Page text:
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What is Supervisory Management?

Tricia Christensen
Updated May 16, 2024
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Supervisory management is the act of managing employees in a business. There are many trade and business schools, as well as community colleges which offer certification or degrees in this area. The goal of such courses is to teach people how to be effective in supervisory positions. Training can focus on working with large groups, small groups and as well, running whole companies with supervisory management techniques.

The goal of anyone who is involved in supervisory management should be to help employees most adequately fit with the needs of a company. Such acts as holding meetings, reviewing performance, scheduling, assigning raises or bonuses, and hiring or firing employees could all be part of someone’s job in this field.

Depending upon a company’s infrastructure, those in supervisory management may have a lot of power, or have relatively little. For example, a supervisor may be in charge of scheduling and reviews, but not be able to make decisions regarding raises or termination of employees. Such supervisors are often called middle management. Their primary goals are to ensure production, yet they often lack the ability to give rewards based on increased production.

Others involved in this type of management may have greater control over fiscal decisions regarding a company, particularly when it comes to raises or hiring and firing decisions. As well as directly supervising employees, these people may also manage all aspects of a company or a branch of a company. Often in small companies, the owner or the manager practices supervisory management, and is empowered to make major decisions affecting the careers of employees. Some find it preferable to have more direct access to a general manager who supervises, since talking to such an employer may result in more direct action being taken.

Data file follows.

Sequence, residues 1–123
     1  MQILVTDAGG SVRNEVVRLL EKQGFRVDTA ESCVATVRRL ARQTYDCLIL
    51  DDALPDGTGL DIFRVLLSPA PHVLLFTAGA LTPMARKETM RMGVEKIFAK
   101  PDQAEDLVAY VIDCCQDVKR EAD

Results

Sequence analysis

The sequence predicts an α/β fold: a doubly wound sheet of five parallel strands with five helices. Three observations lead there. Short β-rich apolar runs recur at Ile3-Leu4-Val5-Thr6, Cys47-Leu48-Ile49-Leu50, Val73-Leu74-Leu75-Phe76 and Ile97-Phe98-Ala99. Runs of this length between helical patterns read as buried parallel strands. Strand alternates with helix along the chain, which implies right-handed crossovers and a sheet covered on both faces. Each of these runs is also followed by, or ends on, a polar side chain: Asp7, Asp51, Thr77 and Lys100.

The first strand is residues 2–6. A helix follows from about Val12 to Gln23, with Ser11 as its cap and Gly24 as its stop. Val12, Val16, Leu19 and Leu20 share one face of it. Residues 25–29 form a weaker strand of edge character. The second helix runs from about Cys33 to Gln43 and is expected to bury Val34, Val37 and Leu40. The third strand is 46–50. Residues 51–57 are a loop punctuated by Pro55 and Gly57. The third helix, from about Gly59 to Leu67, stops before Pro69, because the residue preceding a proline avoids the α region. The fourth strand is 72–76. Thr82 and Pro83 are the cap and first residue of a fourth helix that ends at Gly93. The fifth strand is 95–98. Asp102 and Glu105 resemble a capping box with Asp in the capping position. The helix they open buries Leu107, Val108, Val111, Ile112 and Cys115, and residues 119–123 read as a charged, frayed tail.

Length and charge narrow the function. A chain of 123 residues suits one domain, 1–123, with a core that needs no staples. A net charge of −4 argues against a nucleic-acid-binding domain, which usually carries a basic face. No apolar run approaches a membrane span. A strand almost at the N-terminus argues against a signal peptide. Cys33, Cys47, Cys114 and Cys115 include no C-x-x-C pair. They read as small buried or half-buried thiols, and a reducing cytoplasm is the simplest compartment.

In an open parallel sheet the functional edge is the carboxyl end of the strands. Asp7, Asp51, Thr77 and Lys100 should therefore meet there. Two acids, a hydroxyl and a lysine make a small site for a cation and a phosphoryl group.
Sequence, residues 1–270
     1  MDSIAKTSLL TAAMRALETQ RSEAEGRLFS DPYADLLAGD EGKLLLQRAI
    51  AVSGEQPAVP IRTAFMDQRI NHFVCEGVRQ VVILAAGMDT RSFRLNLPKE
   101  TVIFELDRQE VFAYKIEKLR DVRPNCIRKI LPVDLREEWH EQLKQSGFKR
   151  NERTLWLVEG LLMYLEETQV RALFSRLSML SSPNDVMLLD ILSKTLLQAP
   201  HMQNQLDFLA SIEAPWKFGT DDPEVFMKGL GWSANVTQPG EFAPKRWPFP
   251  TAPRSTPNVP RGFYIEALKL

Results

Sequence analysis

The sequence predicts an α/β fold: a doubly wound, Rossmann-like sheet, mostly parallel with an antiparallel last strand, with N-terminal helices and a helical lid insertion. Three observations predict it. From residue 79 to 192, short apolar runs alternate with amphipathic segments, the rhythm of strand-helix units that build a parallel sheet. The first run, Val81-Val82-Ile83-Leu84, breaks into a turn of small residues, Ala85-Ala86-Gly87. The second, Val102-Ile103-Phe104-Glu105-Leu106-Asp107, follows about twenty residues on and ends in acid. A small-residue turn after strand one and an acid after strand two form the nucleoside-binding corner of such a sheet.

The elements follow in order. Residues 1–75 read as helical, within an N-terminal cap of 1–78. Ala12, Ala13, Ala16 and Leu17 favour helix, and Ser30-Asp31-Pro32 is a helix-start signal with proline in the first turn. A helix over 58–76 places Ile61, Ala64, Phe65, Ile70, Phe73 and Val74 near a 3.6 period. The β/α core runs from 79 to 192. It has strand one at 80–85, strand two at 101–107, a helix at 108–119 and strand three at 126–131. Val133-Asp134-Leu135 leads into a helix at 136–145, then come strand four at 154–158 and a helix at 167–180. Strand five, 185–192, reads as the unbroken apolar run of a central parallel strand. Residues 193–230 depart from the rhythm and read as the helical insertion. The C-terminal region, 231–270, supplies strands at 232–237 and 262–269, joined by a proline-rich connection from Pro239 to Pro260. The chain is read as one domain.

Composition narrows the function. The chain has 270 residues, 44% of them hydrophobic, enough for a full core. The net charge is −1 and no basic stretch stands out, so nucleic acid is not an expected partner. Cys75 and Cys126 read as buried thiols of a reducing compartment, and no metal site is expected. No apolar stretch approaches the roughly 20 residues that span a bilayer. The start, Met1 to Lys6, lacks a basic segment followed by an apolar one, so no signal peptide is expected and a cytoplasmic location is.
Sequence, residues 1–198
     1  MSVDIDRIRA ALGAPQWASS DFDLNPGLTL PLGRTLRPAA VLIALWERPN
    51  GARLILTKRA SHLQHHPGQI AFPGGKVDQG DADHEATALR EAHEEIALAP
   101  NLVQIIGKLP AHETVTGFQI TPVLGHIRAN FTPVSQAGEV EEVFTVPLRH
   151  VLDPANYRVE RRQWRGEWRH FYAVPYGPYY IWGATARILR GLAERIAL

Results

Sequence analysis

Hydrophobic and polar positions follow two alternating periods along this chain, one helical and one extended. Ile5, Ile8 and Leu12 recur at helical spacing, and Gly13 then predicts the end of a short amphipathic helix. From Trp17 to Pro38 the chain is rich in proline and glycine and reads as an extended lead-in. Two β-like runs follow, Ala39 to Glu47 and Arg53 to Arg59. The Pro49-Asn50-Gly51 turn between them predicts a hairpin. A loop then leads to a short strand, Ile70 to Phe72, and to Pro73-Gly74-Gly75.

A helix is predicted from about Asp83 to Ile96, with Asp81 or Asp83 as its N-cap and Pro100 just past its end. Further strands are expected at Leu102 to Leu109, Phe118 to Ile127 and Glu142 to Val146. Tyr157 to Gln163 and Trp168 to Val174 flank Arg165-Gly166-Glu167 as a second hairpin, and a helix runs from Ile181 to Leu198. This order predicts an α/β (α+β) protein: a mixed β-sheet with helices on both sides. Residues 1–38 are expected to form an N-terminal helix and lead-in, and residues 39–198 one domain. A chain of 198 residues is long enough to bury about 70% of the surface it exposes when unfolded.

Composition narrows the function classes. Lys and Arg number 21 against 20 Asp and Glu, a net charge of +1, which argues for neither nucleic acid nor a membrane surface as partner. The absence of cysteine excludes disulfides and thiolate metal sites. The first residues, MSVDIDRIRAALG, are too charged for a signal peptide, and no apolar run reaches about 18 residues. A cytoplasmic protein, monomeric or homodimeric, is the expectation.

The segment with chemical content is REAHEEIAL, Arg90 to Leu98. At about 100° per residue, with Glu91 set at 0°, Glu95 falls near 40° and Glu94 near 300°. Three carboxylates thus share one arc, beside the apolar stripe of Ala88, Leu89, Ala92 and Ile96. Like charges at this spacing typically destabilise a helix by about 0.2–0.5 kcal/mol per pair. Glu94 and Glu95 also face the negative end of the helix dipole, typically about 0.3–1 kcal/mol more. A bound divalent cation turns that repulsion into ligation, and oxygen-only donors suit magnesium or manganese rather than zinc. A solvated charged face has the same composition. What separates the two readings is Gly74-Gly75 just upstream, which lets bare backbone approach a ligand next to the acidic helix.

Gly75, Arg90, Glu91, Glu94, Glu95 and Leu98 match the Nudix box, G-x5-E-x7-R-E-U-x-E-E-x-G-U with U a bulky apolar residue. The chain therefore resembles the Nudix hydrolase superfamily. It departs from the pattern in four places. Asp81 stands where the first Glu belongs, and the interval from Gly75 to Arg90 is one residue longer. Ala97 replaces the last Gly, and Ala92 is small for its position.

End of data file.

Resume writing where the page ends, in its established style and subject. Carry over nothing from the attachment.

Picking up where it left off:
It can be frustrating for supervisory managers who have little power for good or ill over employees. They may truly have the best interest of their employees at heart, but may be unable to enact change if upper level management does not wish for the same changes. Often those in middle management are the go-betweens for employees and bosses. Frequently they are the unhappy messenger of bad tidings from either employees or heads of company, and employees resenting them often misplace their resentment.

Those who are good at supervisory management are best when they can be inspiring to employees and promote good work ethic and increased production. Positions may also be held by people attempting to make specific changes in a company, such as changing policies that cause high turnover in a workplace.

Many who are employed in supervisory management are never trained. However, training can really help a supervisor employ effective strategies in his or her job. Though some people have a natural way with employees, many would perform their jobs more proficiently with training or education. Often, employees are likely to be much happier with the work of a supervisor who has either a “way” or the education to really provide excellent management and interpersonal communication skills.

SmartCapitalMind is dedicated to providing accurate and trustworthy information. We carefully select reputable sources and employ a rigorous fact-checking process to maintain the highest standards. To learn more about our commitment to accuracy, read our editorial process.
Tricia Christensen
By Tricia Christensen
With a Literature degree from Sonoma State University and years of experience as a SmartCapitalMind contributor, Tricia Christensen is based in Northern California and brings a wealth of knowledge and passion to her writing. Her wide-ranging interests include reading, writing, medicine, art, film, history, politics, ethics, and religion, all of which she incorporates into her informative articles. Tricia is currently working on her first novel.
Discussion Comments
By anon64677 — On Feb 08, 2010

How an organization would benefit from an improvement in its current organization structure?

By anon64676 — On Feb 08, 2010

What are the main challenges of the supervision in this new millennium and how to face to them?

By anon35835 — On Jul 08, 2009

You did not include the components of supervisory management. Please post it here.

Tricia Christensen
Tricia Christensen
With a Literature degree from Sonoma State University and years of experience as a SmartCapitalMind contributor, Tricia...
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